I would recommend that you create a script that changes the brightness and sets up Gnome keyboard shortcuts (assuming that you are using Gnome/Cinnamon) that will activate that script for you.
I have my script set like this:
echo $1 > /sys/class/backlight/acpi_video0/brightness
It will get the number called when the script is executed as
root/sudo/gksu and set it as the brightness. The number can vary from 0 to 15, but I think this can vary from display to display if my memory is not misleading me.
For setting the brightness, you can either call the scripts with different numbers and many keys on the keyboard (lazy way \o/) or implement two for loops (smarter way).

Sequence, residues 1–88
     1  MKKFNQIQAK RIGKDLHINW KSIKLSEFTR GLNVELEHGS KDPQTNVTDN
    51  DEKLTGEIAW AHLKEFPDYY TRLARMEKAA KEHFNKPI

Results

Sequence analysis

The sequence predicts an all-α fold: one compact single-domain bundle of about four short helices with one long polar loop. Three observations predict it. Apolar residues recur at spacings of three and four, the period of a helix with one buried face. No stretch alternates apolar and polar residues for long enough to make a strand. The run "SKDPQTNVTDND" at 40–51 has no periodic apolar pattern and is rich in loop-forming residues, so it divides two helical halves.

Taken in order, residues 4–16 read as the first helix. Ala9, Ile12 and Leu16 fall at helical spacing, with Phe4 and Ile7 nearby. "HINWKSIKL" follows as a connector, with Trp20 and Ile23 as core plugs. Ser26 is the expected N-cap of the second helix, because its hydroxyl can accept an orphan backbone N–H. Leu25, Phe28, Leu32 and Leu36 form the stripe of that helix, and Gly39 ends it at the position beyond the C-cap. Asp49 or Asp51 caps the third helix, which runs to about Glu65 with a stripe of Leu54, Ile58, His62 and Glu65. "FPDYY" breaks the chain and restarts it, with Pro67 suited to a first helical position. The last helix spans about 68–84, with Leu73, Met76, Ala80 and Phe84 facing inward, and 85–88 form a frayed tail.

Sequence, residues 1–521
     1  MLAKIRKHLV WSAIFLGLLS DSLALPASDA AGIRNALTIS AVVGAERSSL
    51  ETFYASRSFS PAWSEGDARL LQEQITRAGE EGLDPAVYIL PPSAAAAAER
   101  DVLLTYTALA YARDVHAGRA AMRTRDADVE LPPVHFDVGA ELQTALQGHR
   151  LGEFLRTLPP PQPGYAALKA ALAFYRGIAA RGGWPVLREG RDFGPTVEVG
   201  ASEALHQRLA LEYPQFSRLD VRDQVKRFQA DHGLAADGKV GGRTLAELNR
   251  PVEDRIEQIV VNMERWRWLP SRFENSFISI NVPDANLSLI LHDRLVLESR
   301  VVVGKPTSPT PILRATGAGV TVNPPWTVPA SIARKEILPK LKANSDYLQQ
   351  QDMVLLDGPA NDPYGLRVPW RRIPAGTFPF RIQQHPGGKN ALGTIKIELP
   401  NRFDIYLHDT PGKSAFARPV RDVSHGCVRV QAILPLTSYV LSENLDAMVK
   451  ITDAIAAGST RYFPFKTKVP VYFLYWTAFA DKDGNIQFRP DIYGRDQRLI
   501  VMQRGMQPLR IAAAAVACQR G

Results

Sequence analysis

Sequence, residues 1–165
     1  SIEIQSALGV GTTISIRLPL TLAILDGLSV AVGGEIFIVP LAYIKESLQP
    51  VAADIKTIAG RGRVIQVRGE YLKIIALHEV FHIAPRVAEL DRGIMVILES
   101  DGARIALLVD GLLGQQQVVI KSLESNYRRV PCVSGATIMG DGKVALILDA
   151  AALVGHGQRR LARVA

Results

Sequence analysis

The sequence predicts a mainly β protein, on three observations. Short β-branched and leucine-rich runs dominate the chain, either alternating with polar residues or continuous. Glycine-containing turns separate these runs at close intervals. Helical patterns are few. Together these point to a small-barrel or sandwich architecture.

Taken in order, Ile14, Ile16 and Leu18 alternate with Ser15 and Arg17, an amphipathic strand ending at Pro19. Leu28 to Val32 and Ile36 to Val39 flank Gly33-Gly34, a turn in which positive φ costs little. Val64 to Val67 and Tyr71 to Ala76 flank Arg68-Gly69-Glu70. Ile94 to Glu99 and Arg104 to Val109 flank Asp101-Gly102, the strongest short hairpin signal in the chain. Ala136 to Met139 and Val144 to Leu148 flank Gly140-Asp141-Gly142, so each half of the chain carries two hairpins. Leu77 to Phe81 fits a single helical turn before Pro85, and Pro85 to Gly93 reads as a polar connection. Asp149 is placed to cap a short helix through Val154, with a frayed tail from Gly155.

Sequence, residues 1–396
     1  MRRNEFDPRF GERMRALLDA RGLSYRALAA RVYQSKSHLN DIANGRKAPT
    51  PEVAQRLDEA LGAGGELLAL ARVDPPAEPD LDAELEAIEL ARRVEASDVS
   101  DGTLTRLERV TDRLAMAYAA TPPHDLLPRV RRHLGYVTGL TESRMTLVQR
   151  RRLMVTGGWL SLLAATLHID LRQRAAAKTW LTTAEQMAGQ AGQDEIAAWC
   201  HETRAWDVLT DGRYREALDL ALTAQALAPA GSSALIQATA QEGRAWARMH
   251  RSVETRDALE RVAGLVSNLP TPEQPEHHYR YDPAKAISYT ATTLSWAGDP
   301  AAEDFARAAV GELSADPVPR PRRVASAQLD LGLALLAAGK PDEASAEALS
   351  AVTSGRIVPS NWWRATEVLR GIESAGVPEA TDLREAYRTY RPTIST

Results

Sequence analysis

These for loops could be called by the $1 parameter that inside a switch case will redirect to the for loop that increase or decrease the brightness (going from 0 to 15 and 15 to 0). Then you just set on keyboard shortcuts two keys that will call the parameter to each for in the switch/if case.
If you need more control to the "brightness" you can use this command instead, in the same way as above:
This varies from 0 to 4000 (or something near that) and actually controls the back-light, putting your display with really no light when set to zero.